The idea is simple: If you reactivate TP53 globally, then the cells would eliminate mutant subclones at a higher rate across the board—not just 1 specific mutant subclone that you target with a drug. [This can] sharpen the body’s own mechanisms, specifically how it usually fights the initiation of cancer.

To this end, we have identified 1 of these targets that mediate the p53 pathway: a protein called MDMX. [In a collaborative effort,] we have also helped to develop a drug that targets this protein and [inhibits] p53. This work originated in the lab 5 to 8 years ago and has since led to a clinical trial, where this strategy is now actively being tested in patients. We don’t yet know how successful this approach will be in the long term, but it’s just a very good example of how translational research can lead to very innovative clinical trials down the road. That’s something we’re very excited about.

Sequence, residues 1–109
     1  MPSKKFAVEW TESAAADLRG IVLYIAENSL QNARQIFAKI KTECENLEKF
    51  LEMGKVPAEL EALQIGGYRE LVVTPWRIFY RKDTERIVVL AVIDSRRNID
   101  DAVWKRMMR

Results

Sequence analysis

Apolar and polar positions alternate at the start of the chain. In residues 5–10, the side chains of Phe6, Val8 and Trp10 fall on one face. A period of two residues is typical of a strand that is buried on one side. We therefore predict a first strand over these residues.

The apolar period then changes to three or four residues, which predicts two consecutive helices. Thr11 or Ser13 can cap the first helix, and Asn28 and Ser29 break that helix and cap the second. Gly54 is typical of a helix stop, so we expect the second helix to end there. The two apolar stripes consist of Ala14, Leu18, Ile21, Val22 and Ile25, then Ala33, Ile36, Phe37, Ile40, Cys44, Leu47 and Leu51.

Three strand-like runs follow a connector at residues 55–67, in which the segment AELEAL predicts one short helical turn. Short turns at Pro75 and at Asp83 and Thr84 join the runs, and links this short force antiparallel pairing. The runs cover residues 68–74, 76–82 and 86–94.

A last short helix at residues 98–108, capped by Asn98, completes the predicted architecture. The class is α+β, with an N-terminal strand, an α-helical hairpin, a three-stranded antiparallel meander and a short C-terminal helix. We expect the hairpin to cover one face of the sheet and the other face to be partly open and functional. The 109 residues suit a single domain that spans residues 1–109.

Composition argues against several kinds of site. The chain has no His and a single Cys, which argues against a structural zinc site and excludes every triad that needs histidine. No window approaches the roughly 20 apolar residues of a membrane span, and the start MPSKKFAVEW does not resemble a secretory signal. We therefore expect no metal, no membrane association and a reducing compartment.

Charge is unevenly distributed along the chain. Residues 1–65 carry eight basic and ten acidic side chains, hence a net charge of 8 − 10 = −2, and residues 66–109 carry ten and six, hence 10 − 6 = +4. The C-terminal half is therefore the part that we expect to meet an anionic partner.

Would you like to highlight any specific ongoing trials that are further examining these approaches?

One example is the MDMX protein, which is an endogenous inhibitor of the TP53 tumor suppressor. Clinical trials [are examining] the first drug [developed to target] this MDMX protein together with a closely related protein called MDM2. We have had a trial on this strategy of dual MDMX and MDM2 inhibition in MDS and AML. This [approach] is even being evaluated in several other tumors.